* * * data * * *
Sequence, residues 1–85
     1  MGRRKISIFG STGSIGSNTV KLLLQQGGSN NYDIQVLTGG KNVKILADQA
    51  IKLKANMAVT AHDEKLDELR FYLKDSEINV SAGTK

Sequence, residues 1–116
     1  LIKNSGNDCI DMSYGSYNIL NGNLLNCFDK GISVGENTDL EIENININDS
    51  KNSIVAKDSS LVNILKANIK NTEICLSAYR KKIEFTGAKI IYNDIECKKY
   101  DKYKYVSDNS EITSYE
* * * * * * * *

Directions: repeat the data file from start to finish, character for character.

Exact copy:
Sequence, residues 1–85
     1  MGRRKISIFG STGSIGSNTV KLLLQQGGSN NYDIQVLTGG KNVKILADQA
    51  IKLKANMAVT AHDEKLDELR FYLKDSEINV SAGTK

Sequence, residues 1–116
     1  LIKNSGNDCI DMSYGSYNIL NGNLLNCFDK GISVGENTDL EIENININDS
    51  KNSIVAKDSS LVNILKANIK NTEICLSAYR KKIEFTGAKI IYNDIECKKY
   101  DKYKYVSDNS EITSYE